• Thu. Feb 29th, 2024

Nightvision brings the Belgian duo to Liquid Rooms

ByOlivia Morgan

Oct 31, 2014
Image: sonar.es

Nightvision presents: 2ManyDJs

Liquid Rooms 18/10/14

Edinburgh may be a capital city, both geographically and culturally, but by no means is it renowned for its clubbing scene. With most of its student population content with a poorly curated night of sweaty debauchery in The Hive or an ironic evening of Hip-Hop in Bongo, there seems to be little market for the more niche and experimental. Sneaky Pete’s, a venue with a markedly more inspiring weekly programme is a single room with a miniscule capacity of one hundred people, and its size speaks volumes about the demand, or lack thereof, for something a bit different in the city’s nightclubs.

Nightvision is certainly the most exciting thing to happen to Edinburgh’s nightlife recently, taking its monotony as a challenge rather than a sentence, thanks to the collaboration of house and techno promoters Musika and long-established bass music outfit Xplicit. Self-styled as a ‘genre-defying’ showcase of the best in techno, house, bass and electronica, Nightvision began in mid-September and will run until New Year’s Eve. The series has set out to bring a melange of fresh faces and world-renowned names to some of the Edinburgh’s best venues, including the recently reopened La Belle Angele and the impressive Corn Exchange, with big names like Chase & Status, Bondax, Joy Orbison Annie Mac and 2manyDJs helping to hype the string of events.

Nightvision and the Belgian brothers that comprise 2manyDJs took over The Liquid Rooms to play a two hour set in their uniform white tuxedos, with remixes appropriately spanning various genres and decades; certainly an aspect in keeping with the vision of the club series. Their eclectic mixes make their sets particularly fun to see live, a glorious collection of records you have loved and since forgotten, sandwiched between new and current remixes.

For years, the duo’s live shows have been characterised by the visual show that usually provides an accompaniment to their remixes, where album covers are animated on enormous screens which frame the mix-desk. It is without a doubt one of the most entertaining and unique features of the 2manyDJs experience, but unfortunately as this appearance is DJ set rather than a full live affair, their astonishing visuals were sadly missed. Their absence was noticeable, and not just in obvious terms of its visual effect, but in terms of atmosphere, which lacked the excitement and anticipation partly contributed by the visual show.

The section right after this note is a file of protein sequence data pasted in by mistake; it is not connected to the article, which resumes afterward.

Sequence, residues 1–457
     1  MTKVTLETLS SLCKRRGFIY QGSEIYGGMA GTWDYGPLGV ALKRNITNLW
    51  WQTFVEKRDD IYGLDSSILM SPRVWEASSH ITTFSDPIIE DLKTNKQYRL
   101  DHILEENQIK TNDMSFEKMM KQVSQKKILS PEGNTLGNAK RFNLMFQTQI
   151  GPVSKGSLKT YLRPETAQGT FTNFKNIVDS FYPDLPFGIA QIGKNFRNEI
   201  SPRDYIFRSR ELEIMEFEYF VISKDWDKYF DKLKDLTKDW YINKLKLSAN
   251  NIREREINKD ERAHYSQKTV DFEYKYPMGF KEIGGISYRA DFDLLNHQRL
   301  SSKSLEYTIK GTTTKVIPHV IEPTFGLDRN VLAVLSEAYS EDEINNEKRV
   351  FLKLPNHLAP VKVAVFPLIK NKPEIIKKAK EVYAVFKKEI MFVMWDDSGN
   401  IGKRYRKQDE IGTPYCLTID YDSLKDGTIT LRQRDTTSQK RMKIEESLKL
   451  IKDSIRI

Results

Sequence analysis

Also disappointing was the supporting DJ, Hostage; a home grown ‘up and comer’ presented by Nightvision. The major problem was that by the nature of the night’s veteran headliners, no one was there to see him play and so the crowd were paying minimal attention, but granted, the set was fundamentally unengaging and only managed to provoke a reaction with Blondie’s ‘Heart of Glass’. After a lot of checking watches and queuing for the bar, the crowd’s apathy was finally remedied when the clock struck one and the Dewaele brothers appeared on stage; even without extraordinary visual aids, they remain expert DJs with the ability to captivate a room with their record collection.

2manyDJs have often been accused of playing much of the same material in their sets and true, the duo have a number of staples that frequently reappear (Chemical Brothers – ‘Hey Boy Hey Girl’, MGMT – ‘Kids’, Kraftwerk – ‘Numbers’ to name a few…) but tonight much of their set featured recent releases and neglected to play some of their most famous remixes which would be so very easy to fall back on to appease their drunkenly assembled fans. Crowd pleasers included Tame Impala’s ‘Elephant’ and a brilliant mash up of Justice (Phantom Part III) vs. The Clash (Should I Stay or Should I Go).

The last song of the night was an utterly bizarre remix of ‘Alright’ by Supergrass and with that, we were reminded of their fantastic sense of humour, which makes 2manyDJs such a pleasure to see live.

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